Financial History Issue 131 (Fall 2019) - Page 21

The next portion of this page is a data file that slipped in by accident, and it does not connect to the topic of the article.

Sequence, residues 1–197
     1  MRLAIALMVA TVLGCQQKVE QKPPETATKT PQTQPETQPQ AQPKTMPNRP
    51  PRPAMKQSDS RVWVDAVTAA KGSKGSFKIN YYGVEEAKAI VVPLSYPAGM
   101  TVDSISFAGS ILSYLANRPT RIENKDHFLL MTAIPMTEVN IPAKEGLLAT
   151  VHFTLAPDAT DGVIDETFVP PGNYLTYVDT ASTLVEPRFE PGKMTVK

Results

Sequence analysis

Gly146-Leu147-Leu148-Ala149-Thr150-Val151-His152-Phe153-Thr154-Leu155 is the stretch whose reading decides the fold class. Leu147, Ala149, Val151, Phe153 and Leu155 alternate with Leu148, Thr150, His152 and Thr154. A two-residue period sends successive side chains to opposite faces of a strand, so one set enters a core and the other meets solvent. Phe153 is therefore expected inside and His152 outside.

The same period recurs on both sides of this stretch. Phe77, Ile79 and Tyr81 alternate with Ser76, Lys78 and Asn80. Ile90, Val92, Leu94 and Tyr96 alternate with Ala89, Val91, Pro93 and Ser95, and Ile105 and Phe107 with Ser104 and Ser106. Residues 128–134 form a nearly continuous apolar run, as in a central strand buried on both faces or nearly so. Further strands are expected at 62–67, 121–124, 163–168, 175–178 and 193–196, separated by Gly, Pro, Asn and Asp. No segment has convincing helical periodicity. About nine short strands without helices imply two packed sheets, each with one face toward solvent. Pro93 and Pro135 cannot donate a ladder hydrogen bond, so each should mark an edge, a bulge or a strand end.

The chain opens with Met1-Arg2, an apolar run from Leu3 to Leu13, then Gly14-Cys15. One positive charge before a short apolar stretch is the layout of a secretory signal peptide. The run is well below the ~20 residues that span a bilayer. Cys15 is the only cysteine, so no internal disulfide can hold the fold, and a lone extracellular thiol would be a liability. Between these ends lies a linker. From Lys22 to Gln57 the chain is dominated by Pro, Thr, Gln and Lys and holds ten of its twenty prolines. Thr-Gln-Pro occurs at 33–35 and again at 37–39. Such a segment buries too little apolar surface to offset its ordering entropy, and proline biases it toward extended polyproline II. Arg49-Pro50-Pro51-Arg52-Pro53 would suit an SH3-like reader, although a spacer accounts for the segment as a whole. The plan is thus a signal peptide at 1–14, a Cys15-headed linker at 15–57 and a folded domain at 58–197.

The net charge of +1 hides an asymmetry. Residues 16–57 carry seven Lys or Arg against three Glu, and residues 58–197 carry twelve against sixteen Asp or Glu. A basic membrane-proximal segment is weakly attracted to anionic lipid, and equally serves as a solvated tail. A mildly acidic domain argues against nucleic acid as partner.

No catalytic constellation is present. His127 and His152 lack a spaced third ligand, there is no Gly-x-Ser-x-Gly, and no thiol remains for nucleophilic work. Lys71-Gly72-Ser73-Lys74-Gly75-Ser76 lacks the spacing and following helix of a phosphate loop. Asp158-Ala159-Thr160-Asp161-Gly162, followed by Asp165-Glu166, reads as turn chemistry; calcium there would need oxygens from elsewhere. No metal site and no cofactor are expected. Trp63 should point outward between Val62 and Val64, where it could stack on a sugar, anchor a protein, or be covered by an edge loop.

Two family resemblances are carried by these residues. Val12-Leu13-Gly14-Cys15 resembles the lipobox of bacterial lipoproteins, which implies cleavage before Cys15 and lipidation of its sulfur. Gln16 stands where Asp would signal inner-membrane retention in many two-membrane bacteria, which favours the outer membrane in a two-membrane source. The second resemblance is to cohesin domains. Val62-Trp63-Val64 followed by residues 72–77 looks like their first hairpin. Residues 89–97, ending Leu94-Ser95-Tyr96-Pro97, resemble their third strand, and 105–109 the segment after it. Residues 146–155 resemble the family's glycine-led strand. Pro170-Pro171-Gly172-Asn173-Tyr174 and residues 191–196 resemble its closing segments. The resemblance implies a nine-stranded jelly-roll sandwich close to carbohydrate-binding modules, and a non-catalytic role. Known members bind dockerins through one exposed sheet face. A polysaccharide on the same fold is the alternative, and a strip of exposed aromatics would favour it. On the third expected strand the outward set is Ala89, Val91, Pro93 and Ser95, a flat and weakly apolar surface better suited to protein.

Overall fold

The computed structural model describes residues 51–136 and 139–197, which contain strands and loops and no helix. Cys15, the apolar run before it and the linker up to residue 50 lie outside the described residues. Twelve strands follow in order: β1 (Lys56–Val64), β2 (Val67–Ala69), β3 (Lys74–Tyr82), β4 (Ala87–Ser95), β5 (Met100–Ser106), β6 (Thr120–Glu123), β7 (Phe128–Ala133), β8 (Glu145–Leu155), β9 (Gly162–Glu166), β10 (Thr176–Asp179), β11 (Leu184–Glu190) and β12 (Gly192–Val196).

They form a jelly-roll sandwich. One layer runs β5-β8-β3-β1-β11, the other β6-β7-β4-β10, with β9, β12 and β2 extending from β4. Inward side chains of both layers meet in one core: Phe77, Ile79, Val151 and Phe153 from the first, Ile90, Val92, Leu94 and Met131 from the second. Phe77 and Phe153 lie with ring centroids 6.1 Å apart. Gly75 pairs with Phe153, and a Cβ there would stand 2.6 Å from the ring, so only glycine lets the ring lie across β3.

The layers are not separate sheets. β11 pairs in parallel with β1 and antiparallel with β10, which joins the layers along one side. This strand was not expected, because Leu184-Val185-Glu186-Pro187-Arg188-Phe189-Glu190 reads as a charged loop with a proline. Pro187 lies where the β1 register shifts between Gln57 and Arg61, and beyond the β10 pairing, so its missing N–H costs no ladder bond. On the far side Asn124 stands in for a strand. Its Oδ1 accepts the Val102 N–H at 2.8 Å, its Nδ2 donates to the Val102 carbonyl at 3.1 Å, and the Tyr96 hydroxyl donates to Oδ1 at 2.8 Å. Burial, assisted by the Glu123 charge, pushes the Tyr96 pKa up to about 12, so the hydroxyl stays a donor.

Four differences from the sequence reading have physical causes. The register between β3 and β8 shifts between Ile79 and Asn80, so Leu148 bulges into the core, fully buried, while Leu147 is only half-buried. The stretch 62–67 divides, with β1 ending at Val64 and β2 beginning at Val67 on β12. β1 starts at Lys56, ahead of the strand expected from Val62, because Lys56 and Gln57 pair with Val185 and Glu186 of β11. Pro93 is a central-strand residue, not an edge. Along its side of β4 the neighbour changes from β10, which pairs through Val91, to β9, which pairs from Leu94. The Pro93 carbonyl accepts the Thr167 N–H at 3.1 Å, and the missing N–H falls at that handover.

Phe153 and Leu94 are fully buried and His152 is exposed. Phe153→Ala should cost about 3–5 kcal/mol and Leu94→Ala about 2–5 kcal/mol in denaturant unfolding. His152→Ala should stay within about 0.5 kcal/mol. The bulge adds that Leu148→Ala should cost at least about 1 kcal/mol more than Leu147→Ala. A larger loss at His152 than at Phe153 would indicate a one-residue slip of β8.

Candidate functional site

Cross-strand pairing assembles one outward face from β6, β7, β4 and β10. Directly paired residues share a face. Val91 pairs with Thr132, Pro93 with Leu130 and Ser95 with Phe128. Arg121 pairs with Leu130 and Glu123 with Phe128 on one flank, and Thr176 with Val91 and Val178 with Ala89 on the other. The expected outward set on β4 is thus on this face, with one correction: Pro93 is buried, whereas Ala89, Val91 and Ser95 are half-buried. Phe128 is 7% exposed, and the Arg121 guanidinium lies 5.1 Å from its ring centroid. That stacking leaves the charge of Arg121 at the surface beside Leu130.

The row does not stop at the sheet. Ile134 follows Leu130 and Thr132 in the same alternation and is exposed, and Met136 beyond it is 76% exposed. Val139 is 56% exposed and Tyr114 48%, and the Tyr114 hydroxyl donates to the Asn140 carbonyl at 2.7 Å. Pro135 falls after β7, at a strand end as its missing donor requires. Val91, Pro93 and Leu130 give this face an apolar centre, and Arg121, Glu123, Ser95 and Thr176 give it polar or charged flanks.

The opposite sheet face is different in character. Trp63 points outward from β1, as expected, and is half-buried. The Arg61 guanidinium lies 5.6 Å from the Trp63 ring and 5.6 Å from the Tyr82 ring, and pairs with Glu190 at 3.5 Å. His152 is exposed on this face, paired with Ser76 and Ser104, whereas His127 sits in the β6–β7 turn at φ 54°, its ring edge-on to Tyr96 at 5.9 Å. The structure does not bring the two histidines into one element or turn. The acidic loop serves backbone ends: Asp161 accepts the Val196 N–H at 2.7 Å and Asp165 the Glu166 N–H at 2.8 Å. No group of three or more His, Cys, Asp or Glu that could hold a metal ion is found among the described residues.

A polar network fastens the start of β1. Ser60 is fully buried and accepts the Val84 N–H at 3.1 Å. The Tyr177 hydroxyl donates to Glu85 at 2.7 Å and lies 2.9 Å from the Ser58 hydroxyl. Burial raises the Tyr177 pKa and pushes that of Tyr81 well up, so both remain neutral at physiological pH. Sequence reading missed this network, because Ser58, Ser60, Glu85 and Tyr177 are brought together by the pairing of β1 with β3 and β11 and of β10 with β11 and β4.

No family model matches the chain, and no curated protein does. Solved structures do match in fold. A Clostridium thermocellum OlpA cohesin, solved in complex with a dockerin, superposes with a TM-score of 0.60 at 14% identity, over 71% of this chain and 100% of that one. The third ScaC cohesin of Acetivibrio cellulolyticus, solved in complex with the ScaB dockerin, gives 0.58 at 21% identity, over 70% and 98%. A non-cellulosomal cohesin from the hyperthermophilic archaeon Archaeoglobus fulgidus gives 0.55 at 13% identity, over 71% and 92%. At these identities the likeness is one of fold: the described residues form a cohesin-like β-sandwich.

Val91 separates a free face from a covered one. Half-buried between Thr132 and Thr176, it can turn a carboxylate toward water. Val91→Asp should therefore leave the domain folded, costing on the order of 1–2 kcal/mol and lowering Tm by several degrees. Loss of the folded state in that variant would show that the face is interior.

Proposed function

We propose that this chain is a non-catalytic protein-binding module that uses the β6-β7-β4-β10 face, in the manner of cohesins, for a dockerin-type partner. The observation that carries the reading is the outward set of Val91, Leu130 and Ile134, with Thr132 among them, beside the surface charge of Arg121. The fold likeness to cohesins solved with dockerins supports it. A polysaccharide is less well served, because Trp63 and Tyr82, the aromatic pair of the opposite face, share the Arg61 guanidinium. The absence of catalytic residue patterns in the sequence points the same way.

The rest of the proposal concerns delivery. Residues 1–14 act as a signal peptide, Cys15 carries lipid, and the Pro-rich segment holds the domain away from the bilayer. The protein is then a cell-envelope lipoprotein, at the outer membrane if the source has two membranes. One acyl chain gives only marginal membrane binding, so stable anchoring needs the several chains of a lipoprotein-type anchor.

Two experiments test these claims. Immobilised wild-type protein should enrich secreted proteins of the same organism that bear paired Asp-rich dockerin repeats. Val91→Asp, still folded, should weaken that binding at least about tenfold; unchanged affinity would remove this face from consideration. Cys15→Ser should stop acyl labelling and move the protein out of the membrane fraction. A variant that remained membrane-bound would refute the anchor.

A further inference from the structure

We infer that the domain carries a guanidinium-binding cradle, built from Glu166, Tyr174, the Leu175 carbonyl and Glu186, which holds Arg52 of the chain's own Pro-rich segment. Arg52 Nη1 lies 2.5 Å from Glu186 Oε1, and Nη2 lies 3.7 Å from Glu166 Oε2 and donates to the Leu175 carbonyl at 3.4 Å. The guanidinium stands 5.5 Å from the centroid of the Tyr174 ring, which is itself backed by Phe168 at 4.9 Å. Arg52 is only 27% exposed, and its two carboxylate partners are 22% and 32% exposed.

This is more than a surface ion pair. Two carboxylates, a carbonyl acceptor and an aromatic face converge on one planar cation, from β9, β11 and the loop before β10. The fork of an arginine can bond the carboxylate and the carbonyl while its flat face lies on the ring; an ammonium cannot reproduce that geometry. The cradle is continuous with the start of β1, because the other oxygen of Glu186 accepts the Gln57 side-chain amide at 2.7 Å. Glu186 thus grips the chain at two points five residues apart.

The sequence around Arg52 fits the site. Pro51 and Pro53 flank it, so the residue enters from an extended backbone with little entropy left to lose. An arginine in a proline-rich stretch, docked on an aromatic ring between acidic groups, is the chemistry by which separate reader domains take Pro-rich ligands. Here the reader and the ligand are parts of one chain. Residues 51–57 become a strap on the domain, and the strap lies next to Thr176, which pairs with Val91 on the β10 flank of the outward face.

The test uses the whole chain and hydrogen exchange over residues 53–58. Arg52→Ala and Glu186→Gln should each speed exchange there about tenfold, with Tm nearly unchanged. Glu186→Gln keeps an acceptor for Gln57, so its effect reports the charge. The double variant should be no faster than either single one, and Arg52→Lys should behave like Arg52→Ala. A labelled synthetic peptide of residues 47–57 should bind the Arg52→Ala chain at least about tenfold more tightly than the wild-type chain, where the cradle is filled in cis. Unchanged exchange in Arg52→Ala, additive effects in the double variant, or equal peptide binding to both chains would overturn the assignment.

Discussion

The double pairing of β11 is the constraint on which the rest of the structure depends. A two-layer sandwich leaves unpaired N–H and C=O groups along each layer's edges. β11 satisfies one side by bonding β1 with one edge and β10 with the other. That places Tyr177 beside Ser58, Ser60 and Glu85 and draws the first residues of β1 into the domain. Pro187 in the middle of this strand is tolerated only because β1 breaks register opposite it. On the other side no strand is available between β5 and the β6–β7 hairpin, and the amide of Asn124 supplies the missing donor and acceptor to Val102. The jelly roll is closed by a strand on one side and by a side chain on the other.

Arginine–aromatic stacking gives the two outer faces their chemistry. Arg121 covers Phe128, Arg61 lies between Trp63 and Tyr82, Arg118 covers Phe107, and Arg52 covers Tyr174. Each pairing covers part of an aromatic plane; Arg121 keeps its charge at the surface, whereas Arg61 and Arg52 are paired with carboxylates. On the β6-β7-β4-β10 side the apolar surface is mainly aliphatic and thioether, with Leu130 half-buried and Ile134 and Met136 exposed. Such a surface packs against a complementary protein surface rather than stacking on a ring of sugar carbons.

duties in the wake of the 2008 financial cri- sis effectively constitutes a third mandate.) As the Fed’s mandate has expanded into the macroeconomic realm, it has necessar- ily been tied increasingly to elected offi- cials. Add in the unique characteristics of monetary policy—that unlike fiscal policy, it can be implemented effectively imme- diately, affects the economy generally and requires neither deal making within or the approval of the Legislative Branch—and the litany of incentives for exerting politi- cal influence upon Fed officials is clear. Monetary Versus Fiscal Policy The inclination to influence the Fed has essentially everything to do with the sepa- rate and distinct attributes of the federal government’s two means of impacting the domestic economy: fiscal policy and monetary policy. Fiscal policy targets spending levels (consumption) via taxation and stimu- lus measures; it is enacted by Congress. Monetary policy, enacted by the Fed, involves influencing the money supply and interest rates. Not only is the mon- etary policy route faster-acting, cheaper (no debt is incurred) and arguably more powerful (money “touches” everything), it additionally doesn’t require the sort of horse-trading and lengthy negotiation that legislative efforts take. Monetary pol- icy measures can be implemented in a very short amount of time (hours) and via the decisions of a mere handful of top people. A Brief History of Jawboning There’s little doubt that in an age of social media, it has become easier to rally public opinion in favor of Fed action. But Presi- dents attempting to influence the Fed did not start (and probably will not end) with the current Chief Executive. With specific reference to direct, public jawboning of the type which the current President has been taken to task for, a partial list of pre- vious examples bear listing. Harry S. Truman, in early 1951, sum- moned the FOMC to a meeting at the White House in which he insisted that they continue to support Treasury bond prices. Lyndon Johnson, in his 1967 State of the Union address, made the following statement: “Monetary conditions are also easing. Most interest rates have retreated from their earlier peaks. More money now seems to be available. Given the coop- eration of the Federal Reserve System, which I so earnestly seek, I am confi- dent that this movement can continue. I pledge the American people that I will do everything in a President’s power to lower interest rates and to ease money in this country…toward easier credit and toward lower interest rates.” The Nixon tapes hold copious evidence of direct and indirect attempts to influ- ence the Fed. Publicly, Richard Nixon had this to say upon appointing Arthur Burns to the Fed Chairman position in 1970: “Ladies and gentlemen, as all of you know, the Federal Reserve is indepen- dent, certainly independent of the Pres- ident, although the Congress would suggest that it is not independent of the Congress. I respect that indepen- dence. On the other hand, I do have the opportunity as President to convey my views to the Chairman of the Federal Reserve in meetings with … the Secre- tary of the Treasury and the Chairman of the Council of Economic Advisers … I have some very strong views on some of these economic matters and I can assure you that I will convey them…I respect his independence. However, I hope that independently he will con- clude that my views are the ones that should be followed.” And in a later phone call between Nixon and Burns (via transcript): Nixon: “Arthur, [garbled]. You’re independent! [Burns laughs]. Inde- pendent! You get it up. I don’t want any more nasty letters from people about it. OK?” Burns: “That [no more nasty letters], I can’t guarantee.” Later, Nixon: “The whole point is, get it [the money supply] up. You know, fair enough? Kick it!” With skyrocketing inflation in the late 1970s, the Fed under Chairman Paul Vol- cker began a grueling interest rate hiking campaign. Knowing that the continua- tion of continually higher rates would be politically damaging with an election a few months away—and under pressure from both certain sectors of Congress and orga- nized labor—Jimmy Carter announced the following alternative, a restraint on the growth of credit, during a televised broad- cast in 1980, despite the Fed’s opposition: Left: President Barack Obama announces Janet Yellen as his choice to chair the Federal Reserve, October 9, 2013. (Credit: Win McNamee) Right: President Ronald Reagan announces that Alan Greenspan will replace Paul Volcker as Federal Reserve Chairman at a press conference on June 1, 1987, as Treasury Secretary James A. Baker III looks on. (Credit: Diana Walker)  |  Fall 2019  |  FINANCIAL HISTORY  19